Consistency is key for anything in the design world - cars, graphics, fashion, etc. So why should architecture and landscape architecture be any different? Successful architecture projects are those that provide a level of harmony between the building and the site, and not having them exist separately. You can always tell when the landscape was subbed out to someone who either:
- Didn’t get it, isn’t very good at their job
- Didn’t get along with the architect
- Was hired after the fact and just wanted to get it done
What we should do as designers is create an experience for the users of the space that is seamless, cohesive, and extremely intentional (yet so unintentionally perfect) at the same time. This is only accomplished when landscape architects truly understand the goals and design intent from the architect and developer. Likewise, the architects and developers should understand that a good landscape architect can bring ample knowledge and resources around things like siting the building, zoning and restrictions, environmental implications, and more.
Architects and developers should seek LAs that also understand what it is to be savvy with design; what kind of spaces can they create that help the lines, textures, and schemes from inside the building or across the facade, extend out into the landscape as features and elements that the users of the space will subconsciously take note of and enjoy? What kind of people are they personally - easy to critique, problem solve, and get along with? Or hard-headed, lack creativity, and not willing to collaborate?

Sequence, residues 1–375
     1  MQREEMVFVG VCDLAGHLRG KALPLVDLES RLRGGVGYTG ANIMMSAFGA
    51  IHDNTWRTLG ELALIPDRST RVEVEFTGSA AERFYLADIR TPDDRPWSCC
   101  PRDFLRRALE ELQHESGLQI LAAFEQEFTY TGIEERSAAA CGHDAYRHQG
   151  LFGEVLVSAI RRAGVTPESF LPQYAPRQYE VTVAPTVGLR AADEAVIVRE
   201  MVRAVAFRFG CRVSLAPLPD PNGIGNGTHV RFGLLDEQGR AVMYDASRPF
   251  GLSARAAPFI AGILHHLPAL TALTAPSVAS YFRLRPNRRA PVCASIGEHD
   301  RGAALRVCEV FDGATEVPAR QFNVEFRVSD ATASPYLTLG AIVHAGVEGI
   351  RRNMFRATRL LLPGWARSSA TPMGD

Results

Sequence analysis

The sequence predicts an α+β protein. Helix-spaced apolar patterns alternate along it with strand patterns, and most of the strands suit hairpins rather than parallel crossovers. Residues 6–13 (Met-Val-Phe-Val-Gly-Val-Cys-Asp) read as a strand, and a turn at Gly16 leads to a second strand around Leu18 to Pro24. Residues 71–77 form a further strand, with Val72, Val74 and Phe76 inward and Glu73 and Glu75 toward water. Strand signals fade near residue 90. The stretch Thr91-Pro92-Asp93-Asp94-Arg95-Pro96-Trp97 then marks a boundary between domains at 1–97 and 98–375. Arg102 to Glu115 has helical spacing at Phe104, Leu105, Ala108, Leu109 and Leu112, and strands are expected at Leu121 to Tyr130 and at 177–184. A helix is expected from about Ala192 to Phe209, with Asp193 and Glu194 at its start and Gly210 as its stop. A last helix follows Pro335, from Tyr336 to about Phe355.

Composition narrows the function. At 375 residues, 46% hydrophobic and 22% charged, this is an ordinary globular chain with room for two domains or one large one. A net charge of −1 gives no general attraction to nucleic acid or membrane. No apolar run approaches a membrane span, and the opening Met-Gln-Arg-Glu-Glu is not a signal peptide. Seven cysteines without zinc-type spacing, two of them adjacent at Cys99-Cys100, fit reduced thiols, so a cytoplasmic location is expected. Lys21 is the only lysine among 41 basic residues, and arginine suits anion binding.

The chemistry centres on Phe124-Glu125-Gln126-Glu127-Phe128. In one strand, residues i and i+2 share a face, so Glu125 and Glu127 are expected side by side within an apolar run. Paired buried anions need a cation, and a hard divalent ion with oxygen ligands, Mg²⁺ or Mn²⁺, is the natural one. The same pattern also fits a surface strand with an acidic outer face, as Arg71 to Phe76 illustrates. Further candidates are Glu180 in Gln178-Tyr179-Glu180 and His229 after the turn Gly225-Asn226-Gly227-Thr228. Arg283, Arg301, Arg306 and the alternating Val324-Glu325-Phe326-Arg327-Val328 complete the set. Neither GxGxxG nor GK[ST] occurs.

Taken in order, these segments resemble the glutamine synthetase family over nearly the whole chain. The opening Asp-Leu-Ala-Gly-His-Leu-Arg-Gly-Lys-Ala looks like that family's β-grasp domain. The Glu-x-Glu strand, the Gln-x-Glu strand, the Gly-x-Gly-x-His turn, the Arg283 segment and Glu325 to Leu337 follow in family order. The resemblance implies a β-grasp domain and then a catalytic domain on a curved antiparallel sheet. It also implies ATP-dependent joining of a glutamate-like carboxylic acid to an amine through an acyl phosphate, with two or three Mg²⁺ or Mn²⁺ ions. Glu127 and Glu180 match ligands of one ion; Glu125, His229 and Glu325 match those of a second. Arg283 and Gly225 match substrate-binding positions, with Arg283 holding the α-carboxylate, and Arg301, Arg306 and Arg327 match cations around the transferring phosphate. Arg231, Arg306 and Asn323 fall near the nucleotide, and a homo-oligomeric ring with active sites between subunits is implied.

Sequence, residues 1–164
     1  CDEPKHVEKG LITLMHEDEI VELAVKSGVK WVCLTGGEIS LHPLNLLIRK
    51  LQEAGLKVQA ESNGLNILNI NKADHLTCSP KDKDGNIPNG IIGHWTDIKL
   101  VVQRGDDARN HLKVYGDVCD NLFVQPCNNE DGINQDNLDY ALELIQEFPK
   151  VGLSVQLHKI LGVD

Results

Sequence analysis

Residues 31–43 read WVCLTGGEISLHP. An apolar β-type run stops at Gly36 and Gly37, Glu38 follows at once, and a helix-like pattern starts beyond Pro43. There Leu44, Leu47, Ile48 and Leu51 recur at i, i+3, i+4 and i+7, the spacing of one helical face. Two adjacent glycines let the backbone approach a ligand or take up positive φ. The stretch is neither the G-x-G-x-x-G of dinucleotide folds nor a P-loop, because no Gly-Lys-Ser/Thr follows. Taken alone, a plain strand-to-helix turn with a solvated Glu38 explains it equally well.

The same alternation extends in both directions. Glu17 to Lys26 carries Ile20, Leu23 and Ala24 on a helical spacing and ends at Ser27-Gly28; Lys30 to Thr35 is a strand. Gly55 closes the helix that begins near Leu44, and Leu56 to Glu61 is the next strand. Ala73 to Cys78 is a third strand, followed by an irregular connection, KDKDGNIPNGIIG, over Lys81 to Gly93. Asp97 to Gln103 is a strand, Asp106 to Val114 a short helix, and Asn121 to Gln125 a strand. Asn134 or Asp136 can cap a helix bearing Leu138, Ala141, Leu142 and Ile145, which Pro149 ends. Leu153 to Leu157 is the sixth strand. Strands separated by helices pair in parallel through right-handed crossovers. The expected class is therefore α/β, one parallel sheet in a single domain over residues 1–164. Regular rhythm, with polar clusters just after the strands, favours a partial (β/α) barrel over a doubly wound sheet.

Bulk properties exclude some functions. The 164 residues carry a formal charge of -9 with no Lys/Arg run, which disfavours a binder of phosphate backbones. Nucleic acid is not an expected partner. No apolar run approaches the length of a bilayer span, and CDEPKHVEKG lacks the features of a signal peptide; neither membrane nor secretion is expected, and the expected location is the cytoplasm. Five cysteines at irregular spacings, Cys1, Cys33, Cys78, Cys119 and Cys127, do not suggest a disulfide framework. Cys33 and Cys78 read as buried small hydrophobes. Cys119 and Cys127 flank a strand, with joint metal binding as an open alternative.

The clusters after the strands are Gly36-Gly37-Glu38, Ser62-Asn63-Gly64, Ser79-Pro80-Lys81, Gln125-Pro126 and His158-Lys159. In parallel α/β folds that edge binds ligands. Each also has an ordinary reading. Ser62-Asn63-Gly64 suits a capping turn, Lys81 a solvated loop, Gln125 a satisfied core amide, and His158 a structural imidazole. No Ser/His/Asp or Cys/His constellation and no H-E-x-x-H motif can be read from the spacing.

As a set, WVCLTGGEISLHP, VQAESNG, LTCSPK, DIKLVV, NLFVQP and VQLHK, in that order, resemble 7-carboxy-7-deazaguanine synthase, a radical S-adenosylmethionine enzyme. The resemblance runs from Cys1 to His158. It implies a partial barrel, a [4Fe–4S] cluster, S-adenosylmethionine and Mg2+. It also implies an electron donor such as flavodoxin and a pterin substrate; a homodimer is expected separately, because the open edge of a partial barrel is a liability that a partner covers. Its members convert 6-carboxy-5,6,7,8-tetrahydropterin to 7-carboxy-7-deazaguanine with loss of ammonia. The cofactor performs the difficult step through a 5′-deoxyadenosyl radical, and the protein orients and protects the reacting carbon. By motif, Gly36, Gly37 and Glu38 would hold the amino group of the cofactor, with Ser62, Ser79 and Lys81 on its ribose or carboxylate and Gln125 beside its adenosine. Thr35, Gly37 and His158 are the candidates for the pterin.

What To Look For In Choosing A Design Driven Landscape Architect
When you’re seeking an LA, it must be someone who knows how to marry the work you’re doing on the building to how the site interacts with that building. Here are the items you should consider when choosing an LA to help the design process turn into a functional, aesthetically pleasing, and overall successful project.
1) Portfolio Of Work
Look into how the LA displays their background and the projects they’ve helped bring to fruition. This goes far beyond simply evaluating the notoriety of the work and the pretty pictures they show from a professional photographer. Really emphasize the way they talk about themselves and the project scope when evaluating this. What part did they play in this project? How deep did they go into the design scheme? Did they share just the end product and a rendering, or did they showcase the design process and how they came to the conclusion that this particular design is the way to go? The more you can evaluate this and read between the lines, the better.
2) Testimonials or Reviews
Pay close attention to how people talk about this firm or LA online, in reviews, on forums, and around the community. A simple search for the company name and “review” will provide more than you will ever need to know. You will quickly identify any negative (or positive) feedback others have mentioned about them regarding how easy they were to work with, what their level of understanding might have been, and more.
3) Awards and Recognitions
It seems to be more common to have awards than to not have awards these days; but what awards have they received and what body is giving out the awards? If you’re consistently seeing an LA receive awards for work in architecture related (as opposed to Landscape Architecture related) categories or groups, you’re on the right track.
Ultimately, it’s critical to have a design team assembled for your projects that see your vision, can bring meaningful insight and discussion to the table, and understand what it is to work together to achieve something great for the end user.